Today, it seems everyone’s talking about sculpting their arms. The triceps in the back of the arms, the biceps in the front of the arms, and the deltoids (shoulders) all play a significant role in arm definition. Today’s routine will focus on biceps.
This two part-muscle group is made up of a long and short head. The brachialis muscle plays a significant role in defining and “carving” out bicep definition. Many of my clients seek to define this area of the upper arm but are also afraid of looking “bulky.” I usually advise women to stay light with the weights. Weights of 5-8 lb. should be plenty if you are using dumbbells. Current research has shown that increased protein synthesis (muscle sculpting) occurs when one uses a higher rep range to fatigue, such as 15-25 repetitions, 3-4 sets. Beginners should build up to this; don’t risk injury! The following exercises will emphasize the long and short heads of the biceps, as well as the all-important brachialis muscle. Do these exercises 1-2 times per week. For increased release of anabolic (cell-building), muscle-toning hormones, combine the biceps with a larger muscle group on the same day, such as the back muscles. Both require “pull” movements that enhance results when combined. Back and biceps together would be called a “pull” workout (as opposed to a “push” workout, such as chest and triceps).
Here we go!
This exercise works the long and short heads of the biceps as well as the brachialis. Sit on a bench with the right leg directly in front of your body and the left leg positioned slightly off to one side. Choose a dumbbell that will fatigue you after about 15-25 repetitions. If you are looking for bigger biceps, choose a heavier weight that will cause you to fatigue at 8-12 reps.
Place your right elbow on the inside of your right inner thigh. Place your left hand on the top of the left leg for back support and lean forward a bit so that your elbow is at a slight angle with your shoulder. Exhale as you curl the dumbbell up toward the shoulder using a full range of motion. Inhale as you lower the weight back down. Be sure you do not lock out the elbow on the lengthening (eccentric contraction) part of this exercise.
Repeat for desired number of reps, counting up for two counts and down for two counts. You don’t want to strain your bicep tendon by going too fast or too heavy. After you complete your set, repeat the entire set on the other side. You can do this 3-4 times for an awesome, arm-defining pump that you will see and feel immediately.
This is a great exercise for defining your biceps as well as your brachialis and brachioradialis, located in the forearm. This exercise will also help protect you from injuries such as “tennis elbow.”
Stand with your knees slightly bent, hips tilted forward to the wall or mirror in front of you, and back straight. Your palms should be facing each other; this is known as semi-pronated position. Hold two dumbbells and, with the palms facing your body, curl your forearms up toward your shoulders. Do not change the positioning of your hands. Exhale as you raise the weights for 2 counts, inhale as you lower for 2 counts. Again, be careful not to lock the elbow as you lower.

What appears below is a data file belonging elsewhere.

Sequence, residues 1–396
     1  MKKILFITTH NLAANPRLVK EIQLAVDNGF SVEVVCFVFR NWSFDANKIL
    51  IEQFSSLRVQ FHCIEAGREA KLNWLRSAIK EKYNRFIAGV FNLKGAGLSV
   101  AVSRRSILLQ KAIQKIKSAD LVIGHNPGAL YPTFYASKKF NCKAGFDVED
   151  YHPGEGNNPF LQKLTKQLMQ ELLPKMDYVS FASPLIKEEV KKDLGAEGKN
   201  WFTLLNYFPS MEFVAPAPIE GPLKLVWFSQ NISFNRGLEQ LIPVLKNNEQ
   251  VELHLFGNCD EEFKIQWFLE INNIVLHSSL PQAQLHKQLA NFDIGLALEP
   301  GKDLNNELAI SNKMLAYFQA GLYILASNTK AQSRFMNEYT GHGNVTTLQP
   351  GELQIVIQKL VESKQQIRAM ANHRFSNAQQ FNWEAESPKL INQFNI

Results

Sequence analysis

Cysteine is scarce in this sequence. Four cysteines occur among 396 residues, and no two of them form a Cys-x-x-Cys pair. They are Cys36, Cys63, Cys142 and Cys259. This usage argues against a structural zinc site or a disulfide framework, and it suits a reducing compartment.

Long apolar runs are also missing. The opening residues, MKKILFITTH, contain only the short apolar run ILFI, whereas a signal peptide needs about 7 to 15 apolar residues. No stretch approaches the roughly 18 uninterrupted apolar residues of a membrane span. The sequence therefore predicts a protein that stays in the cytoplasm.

Complete the desired number of repetitions, pause for about 30 seconds, and repeat. If you wish to raise the weight a bit on your second or third sets, feel free to use the classic “pyramid” technique and drop your number of reps, for instance, from 25 to 15, as you increase the amount of weight. This technique can be applied to any exercise. It is a time-tested way to enhance muscle fatigue.
This final exercise isolates both heads, the biceps brachii muscle and the brachialis. Attach a D-handle to a cable station. Keep the attachment low to the floor. Lift with your legs—not your back—and bring the elbow into the waistline. Keep it fixed to your body throughout the movement.
Curl the D-handle up toward your shoulder as you exhale again using counts of two. As always, do not lock the elbow as you lower the weight. The palm faces up on this movement known as “supination.” This exercise is intense, so stay light with the weight: 5 pounds on the cable machine should be plenty if you are doing 15-25 repetitions. Remember you are using only one arm at a time, so you will fatigue quickly.
Complete your set and change sides; then repeat. You can do this 3-4 times. Remember that your knees should be slightly bent and hips pressed forward throughout the entire set.
Please also note on all exercises that it is important to tighten your abdominals as you curl up with the weight and exhale. This will protect the lower back and will engage your core muscles.
Enjoy your “beautiful biceps” work out!
Trainer Tip by Sandra Ferrerio, certified LiveRite weight loss coach, trainer, and class instructor at Lucille Roberts in Yonkers. Read her full bio here.